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Friday, February 2, 2007

Dive In

Digital technology makes it possible for anyone to get into underwater photography

Olympus C-7070 Digital technology has been nothing short of miraculous when it comes to underwater photography. Sure, high-end shooters will still lay down hard-earned money for an advanced SLR in a housing, but now relative novices can get their feet wet, so to speak, with sophisticated, high-resolution compact cameras that are fitted with excellent lenses in an inexpensive but sturdy housing. The Olympus C-7070, for example, has a housing available for $199 (www.olympusamerica.com). The outfit is easily transported and makes a powerful travel companion for a tropical vacation. You can come back with images that friends and family will gasp at seeing.

The undersea environment is a foreign environment, and likewise, photography underwater brings you face to face with a range of new challenges. Thanks to the instant feedback of a digital camera, you can quickly traverse the learning curve, but it's much easier and faster when you have a good teacher. PADI, the Professional Association of Diving Instructors, has recently modified its underwater photography specialty to a new Digital Underwater Photography course (www.padi.com). If you're thinking that you don't really want to learn how to scuba dive just to be able to learn underwater photography, don't worry; the class is open to snorkelers and scuba divers alike.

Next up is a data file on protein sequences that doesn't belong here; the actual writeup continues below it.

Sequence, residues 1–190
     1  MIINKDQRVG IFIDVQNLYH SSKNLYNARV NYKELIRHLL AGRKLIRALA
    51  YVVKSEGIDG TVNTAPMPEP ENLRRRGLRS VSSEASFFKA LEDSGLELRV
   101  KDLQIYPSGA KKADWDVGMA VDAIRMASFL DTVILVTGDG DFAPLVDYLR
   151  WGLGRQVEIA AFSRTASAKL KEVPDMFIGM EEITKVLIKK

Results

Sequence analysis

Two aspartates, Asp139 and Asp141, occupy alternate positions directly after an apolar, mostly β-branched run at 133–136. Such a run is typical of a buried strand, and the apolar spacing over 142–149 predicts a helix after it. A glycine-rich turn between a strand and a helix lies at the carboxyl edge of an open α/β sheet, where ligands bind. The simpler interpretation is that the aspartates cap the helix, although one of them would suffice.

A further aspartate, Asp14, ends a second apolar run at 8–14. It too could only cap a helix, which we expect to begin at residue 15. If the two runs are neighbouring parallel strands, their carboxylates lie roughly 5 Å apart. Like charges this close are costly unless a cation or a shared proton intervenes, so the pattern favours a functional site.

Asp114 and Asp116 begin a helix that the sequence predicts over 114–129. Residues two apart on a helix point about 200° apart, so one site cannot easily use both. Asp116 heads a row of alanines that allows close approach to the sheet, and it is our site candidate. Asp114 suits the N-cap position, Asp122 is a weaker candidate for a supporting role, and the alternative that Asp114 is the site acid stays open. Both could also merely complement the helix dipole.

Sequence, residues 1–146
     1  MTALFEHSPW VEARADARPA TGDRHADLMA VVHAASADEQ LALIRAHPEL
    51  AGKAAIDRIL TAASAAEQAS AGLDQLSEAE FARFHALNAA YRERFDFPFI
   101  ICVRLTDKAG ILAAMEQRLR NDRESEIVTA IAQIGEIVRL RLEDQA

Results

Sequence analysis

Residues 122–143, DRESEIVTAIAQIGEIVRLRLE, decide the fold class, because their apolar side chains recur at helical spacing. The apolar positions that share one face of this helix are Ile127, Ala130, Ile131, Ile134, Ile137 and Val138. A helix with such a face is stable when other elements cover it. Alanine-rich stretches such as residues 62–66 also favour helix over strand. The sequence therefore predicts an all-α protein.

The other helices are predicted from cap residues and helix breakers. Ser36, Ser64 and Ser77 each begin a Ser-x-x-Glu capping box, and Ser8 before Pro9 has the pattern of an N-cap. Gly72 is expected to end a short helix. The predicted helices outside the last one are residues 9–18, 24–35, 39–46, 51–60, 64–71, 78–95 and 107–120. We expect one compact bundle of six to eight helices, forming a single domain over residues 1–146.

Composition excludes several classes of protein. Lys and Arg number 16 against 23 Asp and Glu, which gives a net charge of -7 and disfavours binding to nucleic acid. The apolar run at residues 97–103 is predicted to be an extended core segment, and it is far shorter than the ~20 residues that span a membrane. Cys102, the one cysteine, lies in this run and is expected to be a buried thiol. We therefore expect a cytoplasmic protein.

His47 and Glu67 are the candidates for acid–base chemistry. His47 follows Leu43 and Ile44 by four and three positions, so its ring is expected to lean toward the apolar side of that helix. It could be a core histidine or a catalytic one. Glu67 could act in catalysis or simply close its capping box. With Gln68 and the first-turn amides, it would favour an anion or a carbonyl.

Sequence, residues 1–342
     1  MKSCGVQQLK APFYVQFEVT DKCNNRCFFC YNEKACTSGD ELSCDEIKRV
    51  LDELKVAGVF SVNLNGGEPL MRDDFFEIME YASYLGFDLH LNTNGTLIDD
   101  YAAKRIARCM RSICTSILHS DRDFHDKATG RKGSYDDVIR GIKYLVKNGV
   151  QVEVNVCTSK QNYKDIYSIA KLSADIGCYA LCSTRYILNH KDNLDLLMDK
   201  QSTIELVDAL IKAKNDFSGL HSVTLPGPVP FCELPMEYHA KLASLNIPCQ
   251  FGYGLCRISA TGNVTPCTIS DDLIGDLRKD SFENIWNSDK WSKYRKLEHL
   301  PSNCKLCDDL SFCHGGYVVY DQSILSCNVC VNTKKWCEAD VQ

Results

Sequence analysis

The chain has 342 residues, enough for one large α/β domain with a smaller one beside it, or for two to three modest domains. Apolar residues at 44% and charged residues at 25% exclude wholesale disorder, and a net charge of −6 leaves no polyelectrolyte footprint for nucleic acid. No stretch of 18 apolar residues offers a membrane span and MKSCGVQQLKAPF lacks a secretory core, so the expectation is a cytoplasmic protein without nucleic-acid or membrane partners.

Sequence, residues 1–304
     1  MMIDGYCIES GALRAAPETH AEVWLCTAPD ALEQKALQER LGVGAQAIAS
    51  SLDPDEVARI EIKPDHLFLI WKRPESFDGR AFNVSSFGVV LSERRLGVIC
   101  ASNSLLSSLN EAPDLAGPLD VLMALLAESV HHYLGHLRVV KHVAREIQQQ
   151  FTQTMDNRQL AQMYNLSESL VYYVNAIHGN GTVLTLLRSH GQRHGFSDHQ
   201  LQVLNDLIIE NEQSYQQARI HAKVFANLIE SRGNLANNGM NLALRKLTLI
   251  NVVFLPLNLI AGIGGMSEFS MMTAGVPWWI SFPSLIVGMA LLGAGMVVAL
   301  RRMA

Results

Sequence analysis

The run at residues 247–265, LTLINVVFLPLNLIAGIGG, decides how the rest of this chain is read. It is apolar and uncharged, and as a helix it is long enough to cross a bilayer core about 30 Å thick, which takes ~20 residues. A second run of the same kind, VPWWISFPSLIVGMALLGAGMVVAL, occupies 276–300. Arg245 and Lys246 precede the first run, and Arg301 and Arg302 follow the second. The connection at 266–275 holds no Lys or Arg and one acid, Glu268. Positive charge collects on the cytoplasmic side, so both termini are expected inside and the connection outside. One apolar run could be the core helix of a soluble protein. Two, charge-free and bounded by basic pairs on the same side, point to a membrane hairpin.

Even if you're an accomplished photographer on land, we highly recommend the Digital Underwater Photography class. There are a number of tricks and tips you'll learn to get you making sharp, colorful photographs right from your first dive. And you'll also learn how to care for your gear properly and avoid any unfortunate accidents such as a flooded housing.


Nothing makes you a better photographer like practice. In the film era, practice underwater was essentially impossible. Any time you went into the water with a camera, you were confined to 36 frames at most, and reloading wasn't really practical because you'd have to get to a clean, dry area to disassemble the housing each time you wanted to put in a fresh roll of film. And, of course, you never really knew if you got any decent images until hours later when the film was processed. There's nothing as frustrating as looking through a stack of prints and seeing that you had a slight underexposure that can't be fixed.



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